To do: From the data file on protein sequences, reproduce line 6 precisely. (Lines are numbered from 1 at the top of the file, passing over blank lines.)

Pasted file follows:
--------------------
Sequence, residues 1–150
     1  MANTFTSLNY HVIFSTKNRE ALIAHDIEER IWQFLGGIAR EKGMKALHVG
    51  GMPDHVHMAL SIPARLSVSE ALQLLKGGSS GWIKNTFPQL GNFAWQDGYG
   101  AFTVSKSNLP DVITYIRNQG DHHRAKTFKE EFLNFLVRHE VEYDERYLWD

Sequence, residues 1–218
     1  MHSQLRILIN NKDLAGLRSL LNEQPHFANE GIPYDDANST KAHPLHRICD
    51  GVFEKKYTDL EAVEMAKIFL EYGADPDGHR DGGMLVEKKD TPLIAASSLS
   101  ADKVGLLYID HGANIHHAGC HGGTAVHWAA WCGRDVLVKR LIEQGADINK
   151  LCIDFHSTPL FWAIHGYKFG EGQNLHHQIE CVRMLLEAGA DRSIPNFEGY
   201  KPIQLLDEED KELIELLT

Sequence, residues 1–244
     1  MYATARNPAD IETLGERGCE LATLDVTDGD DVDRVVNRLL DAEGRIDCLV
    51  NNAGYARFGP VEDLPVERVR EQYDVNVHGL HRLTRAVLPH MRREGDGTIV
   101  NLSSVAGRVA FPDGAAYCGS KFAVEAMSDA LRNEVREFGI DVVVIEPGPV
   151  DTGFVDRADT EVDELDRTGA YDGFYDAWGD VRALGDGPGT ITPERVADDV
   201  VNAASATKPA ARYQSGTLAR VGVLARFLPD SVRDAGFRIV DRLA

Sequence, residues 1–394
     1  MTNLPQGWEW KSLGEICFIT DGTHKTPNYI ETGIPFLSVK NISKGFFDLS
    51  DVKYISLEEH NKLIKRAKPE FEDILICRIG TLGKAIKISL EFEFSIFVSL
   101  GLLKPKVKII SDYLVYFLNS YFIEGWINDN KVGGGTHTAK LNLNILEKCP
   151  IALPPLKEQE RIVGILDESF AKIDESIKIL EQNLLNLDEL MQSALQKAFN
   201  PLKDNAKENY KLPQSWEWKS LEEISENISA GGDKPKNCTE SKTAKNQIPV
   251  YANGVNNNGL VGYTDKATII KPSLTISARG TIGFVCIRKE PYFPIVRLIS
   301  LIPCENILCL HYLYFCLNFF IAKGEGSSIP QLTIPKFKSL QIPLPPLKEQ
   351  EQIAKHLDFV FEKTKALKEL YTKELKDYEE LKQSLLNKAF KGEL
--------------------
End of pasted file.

     1  MHSQLRILIN NKDLAGLRSL LNEQPHFANE GIPYDDANST KAHPLHRICD